Two U.S. senators say that the distinction isn't clear enough.
Sens. Dick Durbin (D-Ill) and Richard Blumenthal (D-Conn) sent a letter Thursday to Rite Aid CEO John Standley, expressing concern about potentially deceptive marketing in the use of the wellness ambassadors.
At issue is a new store format Rite Aid adopted last spring that includes "wellness ambassadors" and "wellness stations" as part of its customer service strategy. Currently, Rite Aid operates its wellness program at 300 of its 4,700 stores.
The congressmen expressed concern that consumers would seek medical advice from wellness ambassadors, who wear white coats similar to those of the pharmacists and whose wellness stations are located within close proximity to the pharmacy desk. In particular, they raise concerns about recommendations being made by wellness ambassadors for non-FDA-approved dietary supplements.
In their letter, the senators state:
There are serious questions about whether dietary supplements actually improve the health of the individuals who take them -- and, in some cases, reports have linked them to harmful outcomes.We are concerned that Rite Aid customers seeking a prescription or an over-the-counter drug are misled into believing the wellness ambassador is a pharmacist or health professional qualified to dispense medical advice. This potential for confusion could result in dramatic and dangerous consequences for consumers.
Furthermore, we are deeply concerned that wellness ambassadors could be making false and misleading claims by marketing dietary supplements as treatments for health conditions. The Federal Trade Commission Act prohibits marketing products through "unfair or deceptive acts or practices," such as making explicit or implied medical claims that a dietary supplement can treat, prevent, or cure a specific disease or condition. Because wellness ambassadors field questions from Rite Aid customers about treatments for symptoms and health conditions, we are troubled that customers could be directed to purchase dietary supplements, which have not been reviewed by the FDA or approved to be marketed like drugs.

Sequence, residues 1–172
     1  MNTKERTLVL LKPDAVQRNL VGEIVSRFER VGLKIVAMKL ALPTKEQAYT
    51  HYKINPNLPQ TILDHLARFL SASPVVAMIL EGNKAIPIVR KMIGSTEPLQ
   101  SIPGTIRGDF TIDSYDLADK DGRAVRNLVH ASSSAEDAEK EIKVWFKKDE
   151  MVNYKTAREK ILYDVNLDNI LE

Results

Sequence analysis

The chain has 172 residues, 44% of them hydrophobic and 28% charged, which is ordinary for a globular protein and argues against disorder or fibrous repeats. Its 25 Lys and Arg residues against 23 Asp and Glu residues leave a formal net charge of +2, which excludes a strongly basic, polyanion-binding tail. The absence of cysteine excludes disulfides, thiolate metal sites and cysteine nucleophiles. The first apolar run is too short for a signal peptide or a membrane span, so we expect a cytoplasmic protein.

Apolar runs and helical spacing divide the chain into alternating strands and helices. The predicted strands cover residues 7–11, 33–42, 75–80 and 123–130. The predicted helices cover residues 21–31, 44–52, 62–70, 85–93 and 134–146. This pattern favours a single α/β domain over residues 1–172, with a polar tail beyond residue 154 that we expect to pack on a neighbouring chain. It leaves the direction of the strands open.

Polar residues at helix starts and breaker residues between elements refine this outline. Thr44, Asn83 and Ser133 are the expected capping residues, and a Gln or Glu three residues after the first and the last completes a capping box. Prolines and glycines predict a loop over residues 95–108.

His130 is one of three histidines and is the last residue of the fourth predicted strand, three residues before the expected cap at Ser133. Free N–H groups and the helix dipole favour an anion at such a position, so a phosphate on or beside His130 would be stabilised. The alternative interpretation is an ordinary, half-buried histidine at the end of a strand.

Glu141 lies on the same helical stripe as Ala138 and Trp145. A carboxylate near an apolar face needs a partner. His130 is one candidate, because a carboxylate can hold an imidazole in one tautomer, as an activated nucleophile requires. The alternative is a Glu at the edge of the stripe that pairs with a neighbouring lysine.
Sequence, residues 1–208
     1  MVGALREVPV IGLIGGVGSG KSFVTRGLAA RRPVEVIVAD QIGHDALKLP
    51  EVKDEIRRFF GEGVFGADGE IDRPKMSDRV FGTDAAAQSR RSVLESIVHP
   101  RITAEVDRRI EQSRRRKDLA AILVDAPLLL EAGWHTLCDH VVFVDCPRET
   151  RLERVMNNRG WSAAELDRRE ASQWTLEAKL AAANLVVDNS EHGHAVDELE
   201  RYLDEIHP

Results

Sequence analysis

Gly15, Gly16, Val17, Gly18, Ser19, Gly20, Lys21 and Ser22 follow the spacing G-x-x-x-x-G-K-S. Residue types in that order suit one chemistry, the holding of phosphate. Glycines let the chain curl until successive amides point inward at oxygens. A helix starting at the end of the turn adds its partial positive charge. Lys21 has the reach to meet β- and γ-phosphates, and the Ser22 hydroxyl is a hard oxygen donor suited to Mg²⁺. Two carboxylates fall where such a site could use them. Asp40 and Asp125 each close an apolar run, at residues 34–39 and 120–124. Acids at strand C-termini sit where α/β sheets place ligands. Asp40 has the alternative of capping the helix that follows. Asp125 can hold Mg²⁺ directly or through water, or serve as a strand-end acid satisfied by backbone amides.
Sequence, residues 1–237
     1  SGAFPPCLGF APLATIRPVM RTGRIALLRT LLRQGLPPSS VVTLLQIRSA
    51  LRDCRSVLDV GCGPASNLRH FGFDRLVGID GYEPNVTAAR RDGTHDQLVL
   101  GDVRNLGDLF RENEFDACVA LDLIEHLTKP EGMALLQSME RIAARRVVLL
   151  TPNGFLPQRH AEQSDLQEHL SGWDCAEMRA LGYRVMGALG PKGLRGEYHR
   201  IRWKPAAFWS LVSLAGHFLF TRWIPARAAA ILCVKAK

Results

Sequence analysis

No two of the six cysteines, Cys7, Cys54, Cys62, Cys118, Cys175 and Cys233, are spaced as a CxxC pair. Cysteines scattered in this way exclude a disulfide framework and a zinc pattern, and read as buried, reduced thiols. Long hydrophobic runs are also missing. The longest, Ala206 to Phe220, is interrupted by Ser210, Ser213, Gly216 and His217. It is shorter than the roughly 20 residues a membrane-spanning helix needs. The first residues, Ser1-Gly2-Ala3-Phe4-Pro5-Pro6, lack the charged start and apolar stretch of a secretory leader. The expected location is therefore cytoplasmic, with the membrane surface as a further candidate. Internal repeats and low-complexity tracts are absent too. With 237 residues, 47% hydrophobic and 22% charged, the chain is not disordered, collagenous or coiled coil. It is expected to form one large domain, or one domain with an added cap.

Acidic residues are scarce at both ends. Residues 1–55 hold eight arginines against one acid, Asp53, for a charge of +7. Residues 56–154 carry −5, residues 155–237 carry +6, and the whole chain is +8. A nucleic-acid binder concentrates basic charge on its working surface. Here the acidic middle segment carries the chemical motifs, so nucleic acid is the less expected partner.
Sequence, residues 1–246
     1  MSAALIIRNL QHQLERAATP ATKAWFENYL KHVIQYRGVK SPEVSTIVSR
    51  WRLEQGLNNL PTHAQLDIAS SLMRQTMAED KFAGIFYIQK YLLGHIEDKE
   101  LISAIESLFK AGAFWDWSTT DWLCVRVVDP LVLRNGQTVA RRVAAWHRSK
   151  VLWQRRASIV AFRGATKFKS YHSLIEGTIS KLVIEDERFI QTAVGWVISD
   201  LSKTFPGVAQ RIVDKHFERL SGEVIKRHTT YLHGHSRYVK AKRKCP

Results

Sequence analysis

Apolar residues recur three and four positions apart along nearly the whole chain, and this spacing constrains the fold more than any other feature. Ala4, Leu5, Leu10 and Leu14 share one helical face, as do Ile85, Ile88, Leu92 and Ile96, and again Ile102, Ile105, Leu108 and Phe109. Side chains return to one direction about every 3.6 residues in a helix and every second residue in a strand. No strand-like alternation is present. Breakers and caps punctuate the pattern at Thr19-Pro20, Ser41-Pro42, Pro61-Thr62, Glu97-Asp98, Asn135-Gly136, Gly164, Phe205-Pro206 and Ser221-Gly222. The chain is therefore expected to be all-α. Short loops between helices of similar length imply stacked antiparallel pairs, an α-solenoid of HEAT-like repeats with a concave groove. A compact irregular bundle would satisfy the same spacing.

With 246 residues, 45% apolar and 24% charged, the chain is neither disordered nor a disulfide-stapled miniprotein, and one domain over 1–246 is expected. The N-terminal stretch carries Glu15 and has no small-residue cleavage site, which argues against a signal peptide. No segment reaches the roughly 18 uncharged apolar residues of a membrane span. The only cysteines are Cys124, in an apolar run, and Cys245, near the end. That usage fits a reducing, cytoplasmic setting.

In their letter, the senators ask Rite Aid to ease their concerns by answering a half dozen or so questions on topics that range from the training ambassadors receive in handling customers' questions seeking medical advice to whether these ambassadors mostly direct consumers to dietary supplements as health aids.
Rite Aid, however, contends that its patient safety is always a priority and that the role of its wellness ambassadors is to serve as liaisons to pharmacists, locate products and serve as store greeters.
"Our ambassadors do not give counseling or advice," says Ashley Flower, a Rite Aid spokeswoman. "If patients have questions, like how a product may interact with another, they are referred to a pharmacist."
She added that the wellness ambassadors are often walking throughout the store, rather than standing near the wellness stations, which are used to hold brochures and other resources. The wellness station, Flower notes, is often located in the center of the store, but depending on space, could be set up near the pharmacy.
Rite Aid's Reputation
With stores like Walmart (WMT) encroaching on its prescription business, Rite Aid is right to try to step up its game in differentiating itself from competitors. Unfortunately, this attempt is getting the wrong kind of attention. (Several websites are already posting various Rite Aid complaints.)
When consumer health is on the line, you can't afford to make any customer relations missteps. Maybe Rite Aid should take a cue from Walmart: The stores have greeters, but they're not wearing white coats.
Motley Fool contributor Dawn Kawamoto does not own any stock in the companies listed. The Motley Fool owns shares of Walmart. Motley Fool newsletter services have recommended buying shares of and creating a diagonal call position in Walmart.